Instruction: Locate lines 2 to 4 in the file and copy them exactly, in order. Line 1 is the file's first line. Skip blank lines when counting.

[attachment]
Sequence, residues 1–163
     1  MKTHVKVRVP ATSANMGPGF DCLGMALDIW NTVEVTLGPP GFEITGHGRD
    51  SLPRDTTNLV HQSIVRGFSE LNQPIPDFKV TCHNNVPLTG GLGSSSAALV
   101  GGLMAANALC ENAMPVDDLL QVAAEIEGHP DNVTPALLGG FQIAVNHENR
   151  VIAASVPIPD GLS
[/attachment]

     1  MKTHVKVRVP ATSANMGPGF DCLGMALDIW NTVEVTLGPP GFEITGHGRD
    51  SLPRDTTNLV HQSIVRGFSE LNQPIPDFKV TCHNNVPLTG GLGSSSAALV
   101  GGLMAANALC ENAMPVDDLL QVAAEIEGHP DNVTPALLGG FQIAVNHENR